New Zealand is renowned for its wondrous scenery, and among the country's top tourist attractions are two glaciers that are both stunning and unusual because they snake down from the mountains to a temperate rain forest, making them easy for people to walk up to and view.
But the Fox and Franz Josef glaciers have been melting at such a rapid rate that it has become too dangerous for tourists to hike onto them from the valley floor, ending a tradition that dates back a century. With continuing warm weather this year there are no signs of a turnaround, and scientists say it is another example of how global warming is impacting the environment.
Tourism in New Zealand is booming and nearly 1 million people last year flocked to get a glimpse of the glaciers and the spectacular valleys they've carved. But the only way to set foot on them now is to get flown onto them by helicopter.
Tour operators offer flights and guided glacier walks, although logistics limit this to 80,000 tourists per year, half the number that once hiked up from the valley floor. Up to another 150,000 people each year take scenic flights that land briefly at the top of the glaciers.
Flying in the UNESCO World Heritage area comes with its own risks, highlighted in November when a sightseeing helicopter crashed onto the Fox Glacier, killing all seven aboard.
Sitting near the base of the Franz Josef Glacier, Wayne Costello, a district operations manager for the Department of Conservation, said that when he arrived eight years ago, the rock he was perched on would have been buried under tons of ice. Instead, the glacier now comes to an end a half-mile (800 meters) further up the valley.
"Like a loaf of bread shrinking in its tin, it's gone down a lot as well," Costello said. "So it's wasted away in terms of its thickness, and that's led to quite a rapid melt."
Because of that melt, the valley walls that were once braced by the glaciers have been left exposed and vulnerable to rock falls, making hiking up too dangerous. Tour operators stopped taking guided hikes onto the Franz Josef in 2012 and the nearby Fox in 2014.
A 2014 paper published in the journal Global and Planetary Change concluded the two glaciers have each melted by 3 kilometers (1.9 miles) in length since the 1800s, making them about 20 percent shorter. The glaciers have recently been melting at a faster pace than ever previously recorded, the authors said.
Heather Purdie, a scientist at the University of Canterbury and lead author of the paper, said climate change is the driving factor.
"We know that glaciers around the world, including the Fox and Franz Josef glaciers, are responding to that warmer temperature and they're retreating," she said. Small changes in temperature and snowfall tend to be magnified in the two glaciers and their retreat has been interrupted by advances that can last years, she said.
Costello and tour operators are hoping to see another advance soon. But there's no sign of that: February was the second-hottest month ever recorded in New Zealand.
The hot weather has even created a new type of tourist attraction over the other side of the mountains. Purdie said the glaciers there are also rapidly retreating, resulting in tourists taking boat rides on the lakes to see some of the massive icebergs that have begun to shear away.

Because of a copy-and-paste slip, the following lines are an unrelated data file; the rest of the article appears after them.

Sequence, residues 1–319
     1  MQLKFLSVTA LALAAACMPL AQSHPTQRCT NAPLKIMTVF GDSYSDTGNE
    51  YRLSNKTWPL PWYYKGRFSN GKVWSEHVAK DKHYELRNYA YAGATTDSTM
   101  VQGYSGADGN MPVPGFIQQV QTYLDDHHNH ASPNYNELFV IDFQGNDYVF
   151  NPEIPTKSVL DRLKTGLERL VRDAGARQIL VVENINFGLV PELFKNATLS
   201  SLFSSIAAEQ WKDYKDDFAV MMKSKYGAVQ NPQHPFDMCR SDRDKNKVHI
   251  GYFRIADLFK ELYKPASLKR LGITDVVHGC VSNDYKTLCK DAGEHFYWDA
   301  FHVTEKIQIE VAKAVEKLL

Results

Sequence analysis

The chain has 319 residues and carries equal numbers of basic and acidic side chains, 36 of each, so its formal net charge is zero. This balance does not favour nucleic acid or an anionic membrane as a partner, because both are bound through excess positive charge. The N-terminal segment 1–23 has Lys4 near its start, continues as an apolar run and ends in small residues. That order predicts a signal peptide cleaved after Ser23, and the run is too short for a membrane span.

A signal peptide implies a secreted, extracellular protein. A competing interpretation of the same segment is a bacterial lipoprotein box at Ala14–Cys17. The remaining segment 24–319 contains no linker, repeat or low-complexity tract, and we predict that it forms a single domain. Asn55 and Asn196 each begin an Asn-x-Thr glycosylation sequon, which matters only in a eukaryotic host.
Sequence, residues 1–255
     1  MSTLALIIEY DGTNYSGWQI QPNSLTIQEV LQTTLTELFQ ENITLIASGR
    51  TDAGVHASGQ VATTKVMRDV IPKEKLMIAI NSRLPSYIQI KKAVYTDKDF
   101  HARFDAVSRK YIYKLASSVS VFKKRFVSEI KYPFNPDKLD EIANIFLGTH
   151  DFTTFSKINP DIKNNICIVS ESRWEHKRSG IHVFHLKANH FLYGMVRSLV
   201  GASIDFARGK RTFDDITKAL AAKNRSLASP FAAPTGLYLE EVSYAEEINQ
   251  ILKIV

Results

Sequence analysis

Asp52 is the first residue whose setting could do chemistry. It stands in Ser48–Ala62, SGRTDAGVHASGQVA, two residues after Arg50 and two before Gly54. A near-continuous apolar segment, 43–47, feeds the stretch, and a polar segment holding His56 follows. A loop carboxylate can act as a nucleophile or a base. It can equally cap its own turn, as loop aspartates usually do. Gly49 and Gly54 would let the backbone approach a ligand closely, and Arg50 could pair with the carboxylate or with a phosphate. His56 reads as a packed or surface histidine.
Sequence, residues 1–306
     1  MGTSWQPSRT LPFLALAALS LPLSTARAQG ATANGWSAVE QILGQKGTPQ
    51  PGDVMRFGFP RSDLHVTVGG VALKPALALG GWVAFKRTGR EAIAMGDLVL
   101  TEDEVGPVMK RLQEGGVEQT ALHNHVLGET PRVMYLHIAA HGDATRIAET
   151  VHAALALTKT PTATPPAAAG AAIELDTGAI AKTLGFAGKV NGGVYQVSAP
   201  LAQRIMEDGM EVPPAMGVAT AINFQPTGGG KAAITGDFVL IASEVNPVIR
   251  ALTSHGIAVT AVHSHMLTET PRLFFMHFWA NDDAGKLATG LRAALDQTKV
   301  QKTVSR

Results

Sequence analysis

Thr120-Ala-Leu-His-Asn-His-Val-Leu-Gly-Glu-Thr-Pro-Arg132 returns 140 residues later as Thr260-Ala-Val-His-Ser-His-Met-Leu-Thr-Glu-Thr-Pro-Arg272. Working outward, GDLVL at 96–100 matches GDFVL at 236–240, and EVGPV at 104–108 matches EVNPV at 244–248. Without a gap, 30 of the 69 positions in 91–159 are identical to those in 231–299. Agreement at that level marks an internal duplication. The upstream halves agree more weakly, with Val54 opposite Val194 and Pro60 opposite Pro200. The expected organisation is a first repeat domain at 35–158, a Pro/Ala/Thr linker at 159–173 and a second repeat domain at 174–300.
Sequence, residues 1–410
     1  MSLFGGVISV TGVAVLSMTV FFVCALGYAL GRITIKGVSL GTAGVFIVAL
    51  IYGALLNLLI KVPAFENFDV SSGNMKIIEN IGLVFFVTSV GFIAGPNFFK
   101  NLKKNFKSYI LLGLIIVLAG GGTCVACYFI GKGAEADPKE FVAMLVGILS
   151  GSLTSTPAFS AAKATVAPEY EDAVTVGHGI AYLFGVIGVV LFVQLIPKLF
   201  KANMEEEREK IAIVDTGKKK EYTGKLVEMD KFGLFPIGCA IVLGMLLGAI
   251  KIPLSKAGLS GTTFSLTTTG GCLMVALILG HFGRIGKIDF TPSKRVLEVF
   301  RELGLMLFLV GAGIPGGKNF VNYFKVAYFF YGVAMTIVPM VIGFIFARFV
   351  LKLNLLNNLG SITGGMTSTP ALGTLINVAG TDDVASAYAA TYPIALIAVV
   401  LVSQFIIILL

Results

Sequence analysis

A helicopter trip onto the Fox Glacier reveals deep crevasses in the translucent blue ice and stunning ice caves through which guides take crampon-wearing tourists. A guide retells the indigenous Maori legend which would have it that the Franz Josef Glacier began as a stream of tears left by a young woman whose lover was killed by an avalanche.
The glaciers are formed by prevailing westerly winds dumping snow in a high-altitude basin. It compacts into ice and is pushed down the valleys much like toothpaste being squeezed from a tube. The glaciers slide and roll down the mountain at a rate of 4 meters (13 feet) each day, picking up rocks and debris along the way.
"It's the uniqueness, the rawness of the environment," that draws tourists from Australia, North America, Europe, and, increasingly, China, said Rob Jewell, chairman of the Glacier Country Tourism Group.
It's also a region which is subject to rapid changes in the weather. At the time of November's helicopter crash—which killed four tourists from Britain and two from Australia, as well as the New Zealand pilot—some observers said the weather and visibility were marginal for safe flying.
Jewell said he didn't want to comment until an investigation by authorities is complete. He said the crash hasn't affected tourist numbers, which have been stronger than ever this year.
At the base of the Franz Josef, Dutch tourist Dieuwke Derkse said she was overwhelmed by the beauty of the glacier and the purity of the environment.
She said she believed global warming was responsible for its retreat and felt a little guilty even visiting New Zealand because of the fossil fuels burned by the plane ride there. But she said the glacier also helped inspire her to live in a more environmentally conscious way.
"It makes me a little bit sad because you see how fast everything is going," she said. "The river is going very fast but the snow and glacier is going backward."
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